Requiem for the Reef in an immersive surround sound performance that explores the past, present and possible futures of the Great Barrier Reef – one of the greatest natural wonders of the world. The work draws on local voices and ecoacoustic hydrophone (underwater) recordings submerging listeners in the sonic environment of this diverse and fragile ecosystem. The recordings are being used for biodiversity monitoring and are part of a large-scale interdisciplinary research project designed to explore sound as a call to action in ecological crisis. Requiem for the Reef reflects on acidification, extinction and the urgent need for interdisciplinary action.

16:30-18:30   AAS AGM
The Cairns Institute, D3-054

Please join us for the 2019 Annual General Meeting of the Australian Anthropological Society. This is an opportunity to hear from our members and make decisions about the direction of the Society for the coming year. 
Do you have ideas about how the AAS should respond to important current events? Want to hear more about the Society’s support for member-proposed public anthropology projects? Would you like to see more events like Anthropology Day? Does the future direction of TAJA and the wider landscape of academic publishing interest you? These are some of the exciting topics that we will be discussing at the AGM — and we want to hear from you!
Any further queries about the Annual General Meeting of the AAS should be directed to the Secretary, Caroline Schuster (caroline.schuster(at)anu.edu.au)

 

19:00-…        Party
Northern end of Trinity Wharf, Wharf Street, Cairns 4870

This year we have opted for a party with live music on the edge of the Trinity Inlet.  In keeping with the theme of the conference the menu will feature vegan, locally sourced food and a chilled though not-quite-vegan welcome cocktail (both alcoholic and non-alcoholic).  
Map: http://wharfonecairns.com.au/contact-us/

Friday 7 December

09:00-10:45   Media Stream 3
The Cairns Institute, D3-054

Terror Nullius

Mermaid

The Mermaids

 

 

Terror Nullius (2018), dir. Soda_Jerk, 54 mins
Part political satire, eco-horror and road movie, TERROR NULLIUS is a political revenge fable which offers an unwriting of Australian national mythologies. The apocalyptic desert camps of Mad Max 2 become the site of refugee detention, feminist motorcycle gangs rule the highways, and flesh-eating sheep are recast as anti-colonial insurgents.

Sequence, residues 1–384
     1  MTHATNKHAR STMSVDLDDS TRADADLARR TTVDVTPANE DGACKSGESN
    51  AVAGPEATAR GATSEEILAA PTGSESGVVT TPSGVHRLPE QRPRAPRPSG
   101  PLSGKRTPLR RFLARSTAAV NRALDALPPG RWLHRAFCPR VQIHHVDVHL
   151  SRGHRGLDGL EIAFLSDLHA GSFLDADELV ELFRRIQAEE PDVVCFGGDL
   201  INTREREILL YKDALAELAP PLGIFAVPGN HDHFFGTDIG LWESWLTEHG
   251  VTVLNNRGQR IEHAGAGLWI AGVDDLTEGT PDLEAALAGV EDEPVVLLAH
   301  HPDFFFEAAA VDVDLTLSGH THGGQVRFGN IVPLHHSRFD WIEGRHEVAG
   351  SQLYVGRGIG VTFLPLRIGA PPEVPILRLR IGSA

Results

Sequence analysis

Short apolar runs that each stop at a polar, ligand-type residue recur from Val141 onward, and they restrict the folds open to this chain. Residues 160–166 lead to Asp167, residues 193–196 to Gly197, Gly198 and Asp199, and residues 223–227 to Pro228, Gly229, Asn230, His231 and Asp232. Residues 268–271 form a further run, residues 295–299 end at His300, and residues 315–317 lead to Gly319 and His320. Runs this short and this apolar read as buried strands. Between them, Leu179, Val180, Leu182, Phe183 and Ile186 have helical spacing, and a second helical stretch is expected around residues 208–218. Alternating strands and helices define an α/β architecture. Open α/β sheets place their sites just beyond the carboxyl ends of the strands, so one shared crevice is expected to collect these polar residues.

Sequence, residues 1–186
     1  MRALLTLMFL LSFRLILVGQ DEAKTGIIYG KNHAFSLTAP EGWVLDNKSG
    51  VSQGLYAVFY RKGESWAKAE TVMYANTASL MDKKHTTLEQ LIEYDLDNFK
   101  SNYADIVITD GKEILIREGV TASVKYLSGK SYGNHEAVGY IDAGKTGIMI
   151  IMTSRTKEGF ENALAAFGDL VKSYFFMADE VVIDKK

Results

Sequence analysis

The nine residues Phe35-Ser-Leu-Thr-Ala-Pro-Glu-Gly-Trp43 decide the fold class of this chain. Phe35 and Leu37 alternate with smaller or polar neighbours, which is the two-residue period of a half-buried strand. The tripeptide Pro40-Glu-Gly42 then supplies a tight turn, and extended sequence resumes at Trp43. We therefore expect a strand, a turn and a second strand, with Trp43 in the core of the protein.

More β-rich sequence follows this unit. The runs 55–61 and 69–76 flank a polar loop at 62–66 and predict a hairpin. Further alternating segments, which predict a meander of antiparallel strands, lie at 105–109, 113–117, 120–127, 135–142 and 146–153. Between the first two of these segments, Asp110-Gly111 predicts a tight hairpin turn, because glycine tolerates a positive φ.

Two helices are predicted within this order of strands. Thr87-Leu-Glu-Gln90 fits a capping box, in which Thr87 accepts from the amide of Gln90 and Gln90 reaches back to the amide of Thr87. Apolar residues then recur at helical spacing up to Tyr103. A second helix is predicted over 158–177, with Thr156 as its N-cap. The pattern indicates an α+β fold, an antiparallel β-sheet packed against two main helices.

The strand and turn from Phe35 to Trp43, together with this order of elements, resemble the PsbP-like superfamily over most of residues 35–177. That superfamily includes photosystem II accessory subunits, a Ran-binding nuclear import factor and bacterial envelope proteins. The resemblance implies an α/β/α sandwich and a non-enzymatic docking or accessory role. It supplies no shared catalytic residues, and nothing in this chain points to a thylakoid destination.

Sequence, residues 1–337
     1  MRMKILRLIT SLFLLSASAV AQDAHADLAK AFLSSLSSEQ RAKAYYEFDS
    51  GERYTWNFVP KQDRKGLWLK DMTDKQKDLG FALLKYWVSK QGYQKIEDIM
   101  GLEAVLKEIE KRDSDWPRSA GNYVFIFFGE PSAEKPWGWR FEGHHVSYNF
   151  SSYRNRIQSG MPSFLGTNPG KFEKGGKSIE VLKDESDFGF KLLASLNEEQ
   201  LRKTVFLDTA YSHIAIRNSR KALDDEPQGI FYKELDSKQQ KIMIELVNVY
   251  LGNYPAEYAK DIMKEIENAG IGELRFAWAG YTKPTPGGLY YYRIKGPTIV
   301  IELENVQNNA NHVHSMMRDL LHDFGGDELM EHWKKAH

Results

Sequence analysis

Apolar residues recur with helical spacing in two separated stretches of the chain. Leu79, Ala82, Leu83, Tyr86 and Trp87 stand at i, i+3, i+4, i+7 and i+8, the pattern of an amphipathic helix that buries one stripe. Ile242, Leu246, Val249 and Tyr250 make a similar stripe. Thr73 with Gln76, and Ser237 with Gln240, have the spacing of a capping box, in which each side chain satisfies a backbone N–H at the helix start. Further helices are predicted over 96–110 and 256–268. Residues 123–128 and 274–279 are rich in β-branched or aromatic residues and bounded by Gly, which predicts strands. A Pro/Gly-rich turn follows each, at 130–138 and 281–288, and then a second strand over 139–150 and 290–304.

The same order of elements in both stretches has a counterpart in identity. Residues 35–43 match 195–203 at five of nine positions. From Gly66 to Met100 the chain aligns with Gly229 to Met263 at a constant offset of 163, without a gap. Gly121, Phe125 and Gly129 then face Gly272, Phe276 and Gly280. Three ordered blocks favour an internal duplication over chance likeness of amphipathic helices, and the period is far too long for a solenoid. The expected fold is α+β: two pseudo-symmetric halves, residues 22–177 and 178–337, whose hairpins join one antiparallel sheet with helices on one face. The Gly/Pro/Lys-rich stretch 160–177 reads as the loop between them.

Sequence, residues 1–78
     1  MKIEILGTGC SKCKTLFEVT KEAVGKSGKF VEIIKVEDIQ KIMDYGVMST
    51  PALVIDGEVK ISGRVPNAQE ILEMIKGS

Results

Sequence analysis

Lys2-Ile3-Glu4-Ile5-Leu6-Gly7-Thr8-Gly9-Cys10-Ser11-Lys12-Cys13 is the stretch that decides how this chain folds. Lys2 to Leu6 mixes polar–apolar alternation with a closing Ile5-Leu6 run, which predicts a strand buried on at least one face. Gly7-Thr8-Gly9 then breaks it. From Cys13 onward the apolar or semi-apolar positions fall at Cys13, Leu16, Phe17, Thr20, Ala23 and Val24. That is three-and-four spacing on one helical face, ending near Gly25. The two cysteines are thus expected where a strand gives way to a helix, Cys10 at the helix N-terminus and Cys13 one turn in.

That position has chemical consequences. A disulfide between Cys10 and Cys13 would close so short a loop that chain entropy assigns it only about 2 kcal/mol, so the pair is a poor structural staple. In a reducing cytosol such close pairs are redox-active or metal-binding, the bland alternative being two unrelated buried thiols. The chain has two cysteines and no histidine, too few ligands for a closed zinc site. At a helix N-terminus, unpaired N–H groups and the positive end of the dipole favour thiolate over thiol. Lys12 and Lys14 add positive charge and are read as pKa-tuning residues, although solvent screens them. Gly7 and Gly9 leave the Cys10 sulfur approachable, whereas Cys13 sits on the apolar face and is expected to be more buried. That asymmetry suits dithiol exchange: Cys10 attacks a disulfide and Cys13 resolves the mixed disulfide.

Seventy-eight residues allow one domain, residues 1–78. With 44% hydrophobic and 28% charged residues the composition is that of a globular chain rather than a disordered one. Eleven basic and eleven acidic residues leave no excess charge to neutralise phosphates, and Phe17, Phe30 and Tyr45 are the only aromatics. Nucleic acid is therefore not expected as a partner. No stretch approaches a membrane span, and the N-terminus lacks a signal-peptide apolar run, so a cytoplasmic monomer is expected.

The Mermaids, or Aiden in Wonderland (2018), by Karrabing Film Collective, 26 mins
Only Indigenous people can survive the toxic landscape so the white fellas steal ‘mud children’ to experiment on in the hopes of finding a cure. One such mud child, Aiden now returns to his ancestral lands, where the mermaids were meant to protect him. But the mermaids are being targeted too.

09:00-10:45    Roundtable:
Eternal life in the age of the anthropocene
Chair: Miguel Vatter (Flinders University)
Discussants: Robin Rodd (James Cook University), Vanessa Lemm (Flinders University)
A1-017

This roundtable seeks to thematize alternative conceptions of the relation between animality, nature, happiness and politics by exploring notions of the common and eternal life in light of Franciscan theory and earth law.

10:45-11:15   Opening of the artwork
Microplastics Found in Human Embryo by Robyn Glade-Wright

Introduction by TCI Director, Stewart Lockie
Outside the main entrance of The Cairns Institute
Outside the main entrance of The Cairns Institute

 

 

The aim of this work of art is to magnify the impact of plastic on life forms and the delicate systems that support life on Earth. Some might say that microplastics are out of sight as they cannot be seen without magnification. But, eco-toxicologist Heather Leslie (2015) has demonstrated that plastic particles can pass through the placenta and the blood brain barrier. Plastic particles can also be taken up in the gastrointestinal tract and lungs, potential sites where harm can occur including immune-toxicological responses, altering gene expression, and causing cell death.

Materials: One thousand plastic drink bottles, cable ties & paint

11:15-12:45    Keynote lecture: